From: Winfield Hill
Subject: Re: High DC current Transfer Switch
Date: 30 Nov 2002 18:41:27 -0800
Organization: Rowland Institute
References: <firstname.lastname@example.org> <3DE64488.D6CE9A83@mfi.net> <email@example.com>
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John Fields wrote...
> Winfield Hill wrote:
>> I'm not sure. On one hand, the 600A contactor I used in a recent
>> design was rather large, about 4 to 6-inches on a side IIRC. On
>> the other hand, my 300V 6000A solid-state transfer switch used six
>> large-sized hockey-puck TRIACs with Wakefield high-pressure-spring
>> heat-sink clamps, and it wasn't _that_ large or impressive. While
>> my 6000A pulse setup might not meet our O.P.'s continuous-operation
>> requirement, neither did it use the largest devices available from
>> Powerex, so it's likely a solid-state solution could serve well.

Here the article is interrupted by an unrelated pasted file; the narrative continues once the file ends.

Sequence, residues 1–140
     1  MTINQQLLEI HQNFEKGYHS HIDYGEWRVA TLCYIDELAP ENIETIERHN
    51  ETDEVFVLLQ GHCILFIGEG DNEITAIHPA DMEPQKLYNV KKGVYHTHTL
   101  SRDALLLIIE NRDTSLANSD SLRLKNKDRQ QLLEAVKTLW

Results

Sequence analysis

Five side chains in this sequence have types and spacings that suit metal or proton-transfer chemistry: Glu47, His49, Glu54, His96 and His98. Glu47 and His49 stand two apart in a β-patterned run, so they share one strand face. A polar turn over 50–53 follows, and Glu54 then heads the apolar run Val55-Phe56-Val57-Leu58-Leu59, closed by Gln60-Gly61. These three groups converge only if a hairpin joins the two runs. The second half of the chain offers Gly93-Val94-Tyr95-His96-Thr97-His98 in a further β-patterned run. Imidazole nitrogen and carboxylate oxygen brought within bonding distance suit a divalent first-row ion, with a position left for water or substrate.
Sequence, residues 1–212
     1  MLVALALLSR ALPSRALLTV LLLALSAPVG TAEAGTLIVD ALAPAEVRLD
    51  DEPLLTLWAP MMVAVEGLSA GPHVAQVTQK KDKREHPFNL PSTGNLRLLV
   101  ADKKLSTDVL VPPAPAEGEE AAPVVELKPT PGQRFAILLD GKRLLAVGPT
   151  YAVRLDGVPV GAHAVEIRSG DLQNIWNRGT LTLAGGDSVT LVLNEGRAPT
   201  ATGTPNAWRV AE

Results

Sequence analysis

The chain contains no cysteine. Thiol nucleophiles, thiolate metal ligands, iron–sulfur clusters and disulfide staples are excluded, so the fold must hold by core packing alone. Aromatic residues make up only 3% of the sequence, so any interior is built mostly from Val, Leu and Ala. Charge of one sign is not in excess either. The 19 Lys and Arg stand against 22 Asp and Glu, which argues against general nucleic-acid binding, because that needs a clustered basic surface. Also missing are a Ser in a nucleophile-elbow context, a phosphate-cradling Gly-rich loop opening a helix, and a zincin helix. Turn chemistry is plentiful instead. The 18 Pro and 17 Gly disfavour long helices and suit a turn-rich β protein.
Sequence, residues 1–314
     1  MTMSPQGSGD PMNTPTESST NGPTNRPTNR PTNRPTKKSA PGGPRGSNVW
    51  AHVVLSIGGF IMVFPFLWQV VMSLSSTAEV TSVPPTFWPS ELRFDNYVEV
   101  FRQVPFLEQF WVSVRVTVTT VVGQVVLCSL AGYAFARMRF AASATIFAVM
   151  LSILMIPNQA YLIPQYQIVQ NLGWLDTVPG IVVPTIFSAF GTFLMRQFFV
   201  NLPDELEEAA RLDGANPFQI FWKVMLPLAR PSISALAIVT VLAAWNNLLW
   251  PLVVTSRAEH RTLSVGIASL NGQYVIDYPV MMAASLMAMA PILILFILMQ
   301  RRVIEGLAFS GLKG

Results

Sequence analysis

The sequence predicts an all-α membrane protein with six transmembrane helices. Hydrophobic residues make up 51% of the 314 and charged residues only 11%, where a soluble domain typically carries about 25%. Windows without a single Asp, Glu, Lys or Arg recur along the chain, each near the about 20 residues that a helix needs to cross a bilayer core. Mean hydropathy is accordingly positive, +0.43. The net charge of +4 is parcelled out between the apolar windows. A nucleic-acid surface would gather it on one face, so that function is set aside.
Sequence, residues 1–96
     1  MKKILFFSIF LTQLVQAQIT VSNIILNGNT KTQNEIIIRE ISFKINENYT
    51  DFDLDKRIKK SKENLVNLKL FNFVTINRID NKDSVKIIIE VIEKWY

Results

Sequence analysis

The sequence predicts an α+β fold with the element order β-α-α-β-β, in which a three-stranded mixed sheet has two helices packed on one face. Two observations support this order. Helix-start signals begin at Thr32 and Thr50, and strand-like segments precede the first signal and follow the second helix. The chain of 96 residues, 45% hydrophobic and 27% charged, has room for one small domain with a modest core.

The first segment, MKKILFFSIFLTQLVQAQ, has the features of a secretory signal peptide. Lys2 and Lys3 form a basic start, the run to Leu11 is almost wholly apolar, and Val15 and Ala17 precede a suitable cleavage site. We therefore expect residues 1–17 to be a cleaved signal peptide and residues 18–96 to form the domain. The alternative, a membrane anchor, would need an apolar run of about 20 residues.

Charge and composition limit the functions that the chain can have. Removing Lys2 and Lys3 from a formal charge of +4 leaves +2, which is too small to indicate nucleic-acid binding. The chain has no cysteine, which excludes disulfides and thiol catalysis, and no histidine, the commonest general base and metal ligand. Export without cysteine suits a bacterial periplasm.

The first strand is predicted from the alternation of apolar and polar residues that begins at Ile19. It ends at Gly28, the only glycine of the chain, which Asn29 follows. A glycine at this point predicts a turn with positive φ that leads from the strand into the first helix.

>> You know, the stuff that modern locomotive-engine designers use.
> You're not sure? Your 6kA < 100% duty cycle stuff might not meet
> the OP's 10kA continuous requirements?
> C'mon, Win, we look to you for guidance... Clue us in on how many
> of those Powerex FETS(?) it would take to do the job, OK?
Those were thyristors, not FETs. I'm on vacation away from my files,
so you'll have to look it up yourself. :>) But I did find a 3100A
unit on the web, http://www.pwrx.com/pwrx/docs/fgc6000ax-120ds.pdf
I'm sure serious power engineers develop a relationship with the
factory and thereby get access to the really good stuff.
> Also, how about what it takes to keep them from committing suicide
> when they turn off and the size of the fan or fridge (H2O/LN2
> heatsink) needed to keep them cool while they're on CW ;^)
Nah, mine used water cooling, with cool-looking automotive-style
adjustable-force leaf springs, complete with individual force-
readout gauges to insure proper thermal and electrical contact,
And appropriate snubbers are required, of course.